First cases to feature four-way motherboard mounting options
Boutique builder Origin PC introduced a couple of new cases this week at CES, and in doing so, it flipped traditional case design on its head (quite literally). Origin PC's new Millennium (mid-tower) and Genesis (full-tower) cases are the first ever to allow for the motherboard to be mounted in four different orientations: Standard ATX, Inverted ATX, 90 degrees, or Inverted 90 degrees.
Business users typically tote a briefcase filled with all the necessary gear, things like pads of paper, a tablet, documents, TPS reports, pencils, calendars, and whatever else. What if you fancy yourself a professional or diehard gamer who likes to game on the go? Well, you could invest in a notebook, or you could check out CyberPowerPC's Fang Battle Box, a mobile gaming system that acts as a briefcase for your hardware.
At this point in the game, it's safe to say that solid state storage devices are here to stay. They've proven reliable (mostly), are insanely fast compared to mechanical hard drives, and continue to drop in price. At CES, Adata was all about showing off its upcoming solid state solutions, including a 2TB SSD for big capacity needs, and a micro SSD solution that combines NAND flash memory and the chipset controller into a single package.
We all love fast hardware -- burly graphics cards, oodles of RAM, multi-core processors -- but one of the unsung heros is cooling. Crucial as it may be to a stable running machine, cooling isn't always glamorous or sexy. That being the case, it was refreshing to see a few vendors showing off new fan designs, including Zalman, which brought to CES a crop of cooling (and case) products.
Easily one of the most unique products being shown off at the Consumer Electronics Show (CES) so far is "Project Christine," Razer's modular PC concept. Depending on the level of interest in such a design, Razer says this could turn from a concept build into a shipping product by next year. We wanted to learn more about Project Christine, so Jimmy headed over to Razer's booth for a thorough examination.
It doesn't matter if you own an Xbox One, PlayStation 4, or every tablet that was every made -- you still won't be able to match the level of awesome that a PC can accomplish. To prove it, Gordon wandered over to Nvidia's booth where the GPU maker blew onlookers away with a triple monitor setup running at 12K. Yes, that's three 4K Ultra HD monitors, all attached to a monster gaming PC built by Origin PC.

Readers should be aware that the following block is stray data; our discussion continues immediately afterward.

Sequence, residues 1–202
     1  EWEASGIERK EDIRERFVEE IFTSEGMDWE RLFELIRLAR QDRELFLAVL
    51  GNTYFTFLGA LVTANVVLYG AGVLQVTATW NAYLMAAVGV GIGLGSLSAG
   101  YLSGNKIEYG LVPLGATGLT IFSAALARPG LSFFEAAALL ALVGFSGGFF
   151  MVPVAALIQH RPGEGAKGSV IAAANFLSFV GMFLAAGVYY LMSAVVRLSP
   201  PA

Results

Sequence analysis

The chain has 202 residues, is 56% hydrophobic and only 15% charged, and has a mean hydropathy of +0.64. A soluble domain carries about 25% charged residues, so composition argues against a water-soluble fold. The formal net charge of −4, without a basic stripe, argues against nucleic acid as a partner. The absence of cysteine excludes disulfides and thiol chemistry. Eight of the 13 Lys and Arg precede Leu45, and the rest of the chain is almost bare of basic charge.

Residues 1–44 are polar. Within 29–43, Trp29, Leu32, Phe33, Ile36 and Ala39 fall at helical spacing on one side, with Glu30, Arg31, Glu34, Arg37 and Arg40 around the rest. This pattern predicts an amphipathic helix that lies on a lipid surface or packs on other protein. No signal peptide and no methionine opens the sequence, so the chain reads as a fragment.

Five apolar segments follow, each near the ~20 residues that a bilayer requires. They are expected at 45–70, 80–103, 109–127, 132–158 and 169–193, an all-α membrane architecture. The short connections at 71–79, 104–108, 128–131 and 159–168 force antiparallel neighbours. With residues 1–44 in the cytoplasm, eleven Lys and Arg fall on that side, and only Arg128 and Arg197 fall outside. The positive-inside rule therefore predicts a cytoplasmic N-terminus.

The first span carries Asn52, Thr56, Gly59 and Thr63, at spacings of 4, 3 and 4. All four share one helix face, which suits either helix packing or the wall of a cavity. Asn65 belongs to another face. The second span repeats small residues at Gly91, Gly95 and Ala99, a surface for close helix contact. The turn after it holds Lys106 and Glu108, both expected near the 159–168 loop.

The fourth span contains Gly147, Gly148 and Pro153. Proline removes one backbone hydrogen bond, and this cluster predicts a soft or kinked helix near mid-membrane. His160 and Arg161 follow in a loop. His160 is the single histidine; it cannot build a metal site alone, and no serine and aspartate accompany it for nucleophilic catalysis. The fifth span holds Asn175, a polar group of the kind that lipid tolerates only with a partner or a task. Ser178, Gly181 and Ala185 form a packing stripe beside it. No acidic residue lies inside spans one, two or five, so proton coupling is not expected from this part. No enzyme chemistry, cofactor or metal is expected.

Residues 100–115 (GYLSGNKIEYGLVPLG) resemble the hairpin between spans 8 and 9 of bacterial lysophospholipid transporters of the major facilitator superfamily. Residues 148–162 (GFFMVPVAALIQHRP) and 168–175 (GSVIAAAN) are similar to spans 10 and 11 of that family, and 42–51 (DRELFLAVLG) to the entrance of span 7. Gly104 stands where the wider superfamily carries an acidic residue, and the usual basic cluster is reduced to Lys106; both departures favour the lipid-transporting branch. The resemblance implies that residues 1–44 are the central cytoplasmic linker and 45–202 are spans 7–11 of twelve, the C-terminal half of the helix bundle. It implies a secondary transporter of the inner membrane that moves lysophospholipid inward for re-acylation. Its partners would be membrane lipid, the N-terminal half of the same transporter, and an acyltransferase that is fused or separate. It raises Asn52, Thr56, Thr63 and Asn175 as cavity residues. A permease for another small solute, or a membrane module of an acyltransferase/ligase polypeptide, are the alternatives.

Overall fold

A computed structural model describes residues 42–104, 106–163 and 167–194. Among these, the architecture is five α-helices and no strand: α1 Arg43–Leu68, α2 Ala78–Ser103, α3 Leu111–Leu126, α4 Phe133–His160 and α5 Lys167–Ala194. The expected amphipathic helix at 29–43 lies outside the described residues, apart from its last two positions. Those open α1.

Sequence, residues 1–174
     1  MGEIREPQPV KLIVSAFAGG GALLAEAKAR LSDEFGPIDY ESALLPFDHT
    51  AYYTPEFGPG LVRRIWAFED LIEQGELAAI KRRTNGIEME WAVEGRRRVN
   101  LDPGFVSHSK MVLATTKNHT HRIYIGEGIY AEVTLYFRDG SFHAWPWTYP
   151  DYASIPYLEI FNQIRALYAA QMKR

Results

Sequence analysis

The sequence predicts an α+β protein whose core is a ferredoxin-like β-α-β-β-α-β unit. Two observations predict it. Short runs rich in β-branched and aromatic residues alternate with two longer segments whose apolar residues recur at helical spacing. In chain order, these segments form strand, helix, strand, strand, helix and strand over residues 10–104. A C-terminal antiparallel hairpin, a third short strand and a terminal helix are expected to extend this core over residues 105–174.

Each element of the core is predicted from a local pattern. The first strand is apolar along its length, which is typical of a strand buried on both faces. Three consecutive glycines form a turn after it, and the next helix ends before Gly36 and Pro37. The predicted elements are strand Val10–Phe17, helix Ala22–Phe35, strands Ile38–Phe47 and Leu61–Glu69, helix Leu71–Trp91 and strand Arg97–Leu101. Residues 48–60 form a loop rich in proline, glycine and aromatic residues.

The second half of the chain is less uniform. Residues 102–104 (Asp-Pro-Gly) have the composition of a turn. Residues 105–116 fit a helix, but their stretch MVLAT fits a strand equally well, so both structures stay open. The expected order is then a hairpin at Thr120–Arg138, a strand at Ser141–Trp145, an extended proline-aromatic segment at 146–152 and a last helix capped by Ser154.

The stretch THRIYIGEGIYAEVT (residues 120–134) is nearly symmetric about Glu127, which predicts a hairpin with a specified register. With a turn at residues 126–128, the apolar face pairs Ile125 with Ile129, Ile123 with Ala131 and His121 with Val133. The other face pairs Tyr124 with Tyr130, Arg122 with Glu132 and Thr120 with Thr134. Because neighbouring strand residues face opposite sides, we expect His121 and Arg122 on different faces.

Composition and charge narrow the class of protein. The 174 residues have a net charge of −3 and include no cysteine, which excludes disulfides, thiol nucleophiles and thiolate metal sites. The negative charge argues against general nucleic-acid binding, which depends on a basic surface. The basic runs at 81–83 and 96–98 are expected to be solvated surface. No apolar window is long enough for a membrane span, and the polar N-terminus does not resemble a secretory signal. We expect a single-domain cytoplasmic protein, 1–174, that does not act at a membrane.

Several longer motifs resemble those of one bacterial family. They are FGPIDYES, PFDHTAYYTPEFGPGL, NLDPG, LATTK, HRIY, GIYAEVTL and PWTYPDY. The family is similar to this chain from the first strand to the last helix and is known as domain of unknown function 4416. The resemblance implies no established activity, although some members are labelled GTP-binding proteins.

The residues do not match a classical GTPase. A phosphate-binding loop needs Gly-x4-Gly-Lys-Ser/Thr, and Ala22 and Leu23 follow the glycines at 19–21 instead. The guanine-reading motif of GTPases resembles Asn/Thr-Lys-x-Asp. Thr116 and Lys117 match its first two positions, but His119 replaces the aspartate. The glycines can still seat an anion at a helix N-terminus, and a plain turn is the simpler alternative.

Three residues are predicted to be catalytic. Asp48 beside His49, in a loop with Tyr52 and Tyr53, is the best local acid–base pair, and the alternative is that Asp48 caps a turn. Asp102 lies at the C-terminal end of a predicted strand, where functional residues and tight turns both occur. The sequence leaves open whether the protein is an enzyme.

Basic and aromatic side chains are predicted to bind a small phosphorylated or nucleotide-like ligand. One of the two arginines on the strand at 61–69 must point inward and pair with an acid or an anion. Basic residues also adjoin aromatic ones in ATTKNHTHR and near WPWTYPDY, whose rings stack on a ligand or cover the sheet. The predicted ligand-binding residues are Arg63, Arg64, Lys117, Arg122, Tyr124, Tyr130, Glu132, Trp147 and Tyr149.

One way AMD has been able to stay in the game, so to speak, is by focusing on graphics performance. It's been a point of emphasis ever since the chip designer acquired ATI, and especially since the introduction of APUs (Accelerated Processing Units). The emphasis on graphics and gaming in general was on display at CES, where AMD showed off a controller accessory for 10-inch tablets and a Nano PC running FIFA 14.
Demoing the newest Oculus Rift prototype with positional tracking
Excitement continues to build over Oculus Rift, the virtual reality headset that raised a whopping $2.4 million on Kickstarter. Jimmy had an opportunity to try out the latest prototype, which trades the LED screen for OLED and has an external camera to support positional tracking. In other words, Oculus Rift now looks better and also knows when you're leaning in for a closer look at an object.
Fans, fans, and more fans (and a fanless power supply)
Things can get crazy at the Consumer Electronics Show (CES), but one company that kept its cool is Enermax. We mean that literally, folks. Gordon stopped by Enermax's booth at the show to see what the company brought to show off, and the answer is fans. Lots of fans, some of which lit up and reacted to sound. On the flip side, Enermax also brought with it a fanless power supply that's 80 Plus Platinum certified.
Rodney Dangerfield was a famous comedian who often lamented he got no respect. What does that have to do with technology? Well, you could consider integrated graphics the Rodney Dangerfield of technology. Integrated graphics have historically been laughably weak for any kind of real gaming, up until Intel announced Iris Pro. You can find Iris Pro graphics in Gigabyte's new Brix Pro system, which we captured on video at CES.